Coalition Roots For Healthy Adolescents In UHC Attainment 

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The coordinator, African Health Budget Network, Dr. Aminu Magashi (fourth from left) flanked by participants during the retreat in Abuja.

A coalition of civil society organisations (CSOs) progress is required in the move for Universal Health Coverage (UHC) to keep adolescents healthy, given that they represent a critical window of opportunity in the country. 

Speaking on behalf of the CSOs at a two-day strategic retreat organised by the African Health Budget Network (AHBN) yesterday (September 11, 2022) in Abuja, the chairman, National Advocates for Health Muhammad Usman said investment in adolescents delivers “multiple dividends” – improving health, enhancing it throughout the life course and contributing to the health of future generations. 

Science Nigeria reports that the retreat reviewed the country’s Reproductive, Maternal, Newborn, Child, Adolescent Health and Nutrition- (RMNCAH+N) Recovery Plan Scorecard and validated the Family Planning (FP) 2030 Accountability Motion Tracker Template. 

“Healthy adolescents also fuel economic growth by contributing to increased productivity, reduced health expenditure and the interruption of intergenerational transmission of poor health, poverty and discrimination. 

“For every naira invested in adolescent health, there is an estimated 10-fold health, social and economic return,” he said. 

Earlier, the coordinator, AHBN, Dr. Aminu Magashi said national health strategies and investment plans for UHC must include adolescents, with emphasis on the most vulnerable and marginalised adolescents and their families to ensure equity. 

Magashi said that investing in vertical or single-issue programmes is rarely efficient. 

“Programmes should be designed to address multiple risk factors and vulnerabilities and all adolescents should be covered by mandatory, prepaid, pooled funding with user fees reduced or eliminated,” he said. 

He said that adolescents themselves should be empowered to initiate action and influence decisions that affect their health and development through mechanisms that allow for meaningful participation. 

“This should be bolstered with disaggregated and regular data to know the magnitude of disease burden, health needs and barriers to services for this age group,” he stressed.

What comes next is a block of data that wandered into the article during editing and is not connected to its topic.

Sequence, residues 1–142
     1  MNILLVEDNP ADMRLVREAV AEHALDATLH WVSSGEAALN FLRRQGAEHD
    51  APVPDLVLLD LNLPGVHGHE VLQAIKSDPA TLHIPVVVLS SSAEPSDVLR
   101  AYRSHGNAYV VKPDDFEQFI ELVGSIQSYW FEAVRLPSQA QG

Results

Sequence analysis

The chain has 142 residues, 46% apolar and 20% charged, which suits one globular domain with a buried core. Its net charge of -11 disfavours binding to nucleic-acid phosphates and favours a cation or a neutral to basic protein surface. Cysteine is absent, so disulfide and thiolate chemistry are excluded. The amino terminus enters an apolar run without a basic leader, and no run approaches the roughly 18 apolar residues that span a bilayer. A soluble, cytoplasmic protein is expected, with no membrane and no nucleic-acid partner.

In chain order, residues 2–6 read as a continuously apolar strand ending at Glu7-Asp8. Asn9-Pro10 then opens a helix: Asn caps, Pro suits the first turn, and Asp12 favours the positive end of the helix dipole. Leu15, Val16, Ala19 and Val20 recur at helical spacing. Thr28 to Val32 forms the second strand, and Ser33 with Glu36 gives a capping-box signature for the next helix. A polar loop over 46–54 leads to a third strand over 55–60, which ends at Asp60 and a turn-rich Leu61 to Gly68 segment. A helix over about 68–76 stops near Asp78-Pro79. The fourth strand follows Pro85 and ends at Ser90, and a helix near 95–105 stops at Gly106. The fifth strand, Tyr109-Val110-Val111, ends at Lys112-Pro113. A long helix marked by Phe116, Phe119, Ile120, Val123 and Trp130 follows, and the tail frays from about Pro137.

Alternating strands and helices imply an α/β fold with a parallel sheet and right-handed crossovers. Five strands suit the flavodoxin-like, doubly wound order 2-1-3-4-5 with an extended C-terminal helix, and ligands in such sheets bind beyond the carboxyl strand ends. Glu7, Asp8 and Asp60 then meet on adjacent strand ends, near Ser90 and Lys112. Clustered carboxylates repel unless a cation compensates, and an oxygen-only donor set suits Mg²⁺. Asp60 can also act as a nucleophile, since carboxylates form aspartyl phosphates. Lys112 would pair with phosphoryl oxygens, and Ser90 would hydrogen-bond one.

The coordinator said that the RMNCAEH+N recovery plan during the COVID-19 accountability scorecard was developed through rigorous analysis of the 2022 Federal Government-approved budget, review and validation meetings and independent monitoring of the activities of the RMNCAEH+N National Multi-Stakeholder Partnership Coordination platform.

L-R: The chairman, National Advocates for Health, Mr. Muhammad Usman, Senior health correspondent, Racheal Abujah and web communication expert, African Health Budget Network, Muhammad Fagge during the retreat in Abuja.

He said that the scorecard which has three categories was to serve as an evidence tool to be used by all stakeholders including CSOs, media, advocates, young people and development partners 

This he said was to strategically influence actions that would promote performance, transparency and accountability in the implementation of the country’s RMNCAEH+N continuity response plan (2020-2022) during COVID-19. 

Magashi said that the scorecard reported three categories including Governance and Leadership, Budgetary Allocation and Disbursement; Accountability and Transparency.

He said that investments in family planning are an investment in saving the lives of women and children and leading to prosperity for all. 

“Family planning, therefore, is critical to achieving sustainable development goals which are aimed at ending poverty and improving wellness and health. it is also key to achieving ending hunger as well as promoting gender equality. 

“That’s why a country as populous as Nigeria needs to promptly release the budget for the procurement of family planning (FP) commodities.”

Meanwhile, the chairperson, Africa Health Budget Network Meaningful Adolescent and Youth Engagement Working Group, Mr. Olympus Adebanjo, said that the inadequate allocation of resources is a major challenge for implementing the good plan Nigeria has for family planning. 

Adebanjo said that hence, expanding the narrative of family planning from being majorly a health issue to a development issue would provide the opportunity to prioritise family planning as human capital and socio-economic development issue and for the achievement of the sustainable development goals (SDGs).

He stressed that the nation as a pre-transition country has a high fertility rate of 5.2 per woman and a very youthful population bulge. 

He noted that the current scenario and resulting challenges that a country like Nigeria is facing would be effectively addressed if FP is strengthened and prioritised as a national development agenda, with strong leadership commitment and funding to be universally accessible to all.

Racheal Abujah
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